TAMPA, Fla. — “It all depends on what we do and how we do it,” said Dr. Claudia Espinosa, Associate Professor of Pediatrics, Division of Pediatric Infectious Disease at the University of South Florida.
Doctors say 4th of July celebrations this weekend will play a role in what happens next in the COVID-19 pandemic.
“Holidays traditionally for the past 15 months have been really those targets where we can see two weeks after a holiday then we will see a spike of cases,” said Espinosa.
Experts expect to see another spike after this holiday too, but how big that spike will be is dependent on how people celebrate.
“If you’re fully vaccinated… I think you know you could probably go about your normal kind of celebrations. A year ago at this time we didn’t have vaccines and we were all worried about gatherings and stuff,” said Dr. Michael Teng, Virologist and Associate Professor at USF Health.
For unvaccinated people, Teng says it’s crucial they remember to follow public health measures and CDC guidelines.
“The problem is that if you gather in large crowds the likelihood, especially unmasked, the likelihood is you’re going to get some transmission of the virus,” said Teng.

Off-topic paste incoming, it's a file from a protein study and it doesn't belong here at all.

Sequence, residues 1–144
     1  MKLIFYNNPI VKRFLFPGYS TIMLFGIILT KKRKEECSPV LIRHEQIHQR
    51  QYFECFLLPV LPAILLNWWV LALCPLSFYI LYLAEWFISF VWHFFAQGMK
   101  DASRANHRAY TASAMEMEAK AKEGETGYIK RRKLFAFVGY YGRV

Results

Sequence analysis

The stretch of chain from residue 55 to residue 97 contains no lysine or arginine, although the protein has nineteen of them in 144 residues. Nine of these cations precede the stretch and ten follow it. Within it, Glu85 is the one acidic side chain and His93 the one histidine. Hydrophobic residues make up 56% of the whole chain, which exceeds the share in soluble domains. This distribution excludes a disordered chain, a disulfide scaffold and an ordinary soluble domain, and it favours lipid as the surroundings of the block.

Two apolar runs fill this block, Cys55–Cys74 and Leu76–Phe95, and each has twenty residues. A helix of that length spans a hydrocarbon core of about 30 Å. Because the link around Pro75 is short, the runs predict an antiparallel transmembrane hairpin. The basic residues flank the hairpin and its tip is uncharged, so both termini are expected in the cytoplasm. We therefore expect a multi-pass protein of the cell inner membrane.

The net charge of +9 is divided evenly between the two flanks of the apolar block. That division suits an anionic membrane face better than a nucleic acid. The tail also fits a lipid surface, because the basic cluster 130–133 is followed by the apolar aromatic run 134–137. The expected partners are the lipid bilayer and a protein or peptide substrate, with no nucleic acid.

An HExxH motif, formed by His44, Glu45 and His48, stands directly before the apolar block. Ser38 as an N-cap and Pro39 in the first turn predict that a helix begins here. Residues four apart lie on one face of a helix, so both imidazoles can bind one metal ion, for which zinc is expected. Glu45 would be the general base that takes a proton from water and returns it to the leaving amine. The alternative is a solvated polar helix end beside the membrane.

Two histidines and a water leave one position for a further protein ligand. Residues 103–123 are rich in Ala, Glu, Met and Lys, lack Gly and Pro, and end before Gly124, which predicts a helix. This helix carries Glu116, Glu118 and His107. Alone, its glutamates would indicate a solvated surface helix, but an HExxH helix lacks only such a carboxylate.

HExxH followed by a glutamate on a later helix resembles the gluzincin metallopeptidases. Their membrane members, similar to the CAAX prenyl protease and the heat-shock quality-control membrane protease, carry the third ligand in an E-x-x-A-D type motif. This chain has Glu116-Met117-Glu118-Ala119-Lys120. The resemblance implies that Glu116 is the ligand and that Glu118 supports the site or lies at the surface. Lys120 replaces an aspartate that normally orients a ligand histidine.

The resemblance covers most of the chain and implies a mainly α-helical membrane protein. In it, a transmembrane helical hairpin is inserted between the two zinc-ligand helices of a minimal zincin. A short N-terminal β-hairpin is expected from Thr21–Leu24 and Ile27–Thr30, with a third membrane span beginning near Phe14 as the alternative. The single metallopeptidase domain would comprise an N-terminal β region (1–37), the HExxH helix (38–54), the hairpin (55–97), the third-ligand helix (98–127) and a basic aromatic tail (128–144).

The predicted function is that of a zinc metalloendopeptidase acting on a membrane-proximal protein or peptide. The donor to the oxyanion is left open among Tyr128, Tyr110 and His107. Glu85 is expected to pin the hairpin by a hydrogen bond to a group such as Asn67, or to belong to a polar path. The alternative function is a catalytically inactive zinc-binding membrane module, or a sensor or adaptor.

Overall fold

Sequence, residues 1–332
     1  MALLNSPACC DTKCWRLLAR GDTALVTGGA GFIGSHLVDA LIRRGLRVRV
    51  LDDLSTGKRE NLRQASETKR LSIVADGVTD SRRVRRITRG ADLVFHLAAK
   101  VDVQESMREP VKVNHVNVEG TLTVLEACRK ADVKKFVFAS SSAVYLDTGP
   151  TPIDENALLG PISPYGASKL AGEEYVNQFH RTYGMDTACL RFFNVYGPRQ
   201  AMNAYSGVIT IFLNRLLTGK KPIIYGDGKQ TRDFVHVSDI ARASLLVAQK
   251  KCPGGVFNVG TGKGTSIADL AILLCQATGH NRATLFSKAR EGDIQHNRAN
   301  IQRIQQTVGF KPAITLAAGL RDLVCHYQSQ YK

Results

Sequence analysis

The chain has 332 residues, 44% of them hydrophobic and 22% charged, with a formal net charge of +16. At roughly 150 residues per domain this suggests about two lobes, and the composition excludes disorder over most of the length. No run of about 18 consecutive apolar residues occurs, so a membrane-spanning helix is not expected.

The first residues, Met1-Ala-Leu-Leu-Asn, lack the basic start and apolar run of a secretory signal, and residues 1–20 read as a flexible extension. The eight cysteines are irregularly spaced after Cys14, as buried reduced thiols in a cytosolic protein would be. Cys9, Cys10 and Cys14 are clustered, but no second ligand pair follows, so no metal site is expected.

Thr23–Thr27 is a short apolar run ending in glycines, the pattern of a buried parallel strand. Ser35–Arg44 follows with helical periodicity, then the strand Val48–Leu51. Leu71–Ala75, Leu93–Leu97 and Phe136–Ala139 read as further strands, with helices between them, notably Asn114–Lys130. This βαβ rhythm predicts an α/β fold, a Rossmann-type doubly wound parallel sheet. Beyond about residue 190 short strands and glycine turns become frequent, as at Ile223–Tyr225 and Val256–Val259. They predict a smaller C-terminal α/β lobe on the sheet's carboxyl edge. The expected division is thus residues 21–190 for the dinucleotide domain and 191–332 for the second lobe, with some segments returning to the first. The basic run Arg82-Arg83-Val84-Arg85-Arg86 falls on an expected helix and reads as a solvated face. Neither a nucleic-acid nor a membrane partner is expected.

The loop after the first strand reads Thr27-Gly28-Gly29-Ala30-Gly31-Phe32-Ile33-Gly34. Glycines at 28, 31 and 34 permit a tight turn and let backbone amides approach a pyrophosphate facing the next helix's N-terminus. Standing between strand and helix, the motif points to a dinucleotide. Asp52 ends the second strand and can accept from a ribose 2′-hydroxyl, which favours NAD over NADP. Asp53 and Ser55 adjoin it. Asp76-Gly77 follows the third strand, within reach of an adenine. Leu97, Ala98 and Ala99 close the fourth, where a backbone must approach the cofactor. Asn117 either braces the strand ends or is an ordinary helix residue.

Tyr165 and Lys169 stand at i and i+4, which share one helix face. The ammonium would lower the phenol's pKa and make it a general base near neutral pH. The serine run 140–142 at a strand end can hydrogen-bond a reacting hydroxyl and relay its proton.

“We are seeing 99% of the people who end up in the hospital with COVID now are unvaccinated people,” he added.
Experts say people should also be careful planning activities if they have unvaccinated kids.
“I am worried and I know that many of my colleagues are too that July the 4th is coming and a lot of kids are going to be out there and many people are still not vaccinated,” said Espinosa.
With the highly contagious Delta variant now spreading across the State of Florida, Espinosa says it’s even more important people don’t let their guards down.
“People probably don’t understand that there are still new variants that are coming and so we need to be conscious about that and protect our kids,” she added.
She suggests having unvaccinated children wear face masks and avoid crowded indoor spaces.
“It’s really time to pay attention to what you’re doing out there,” said Teng.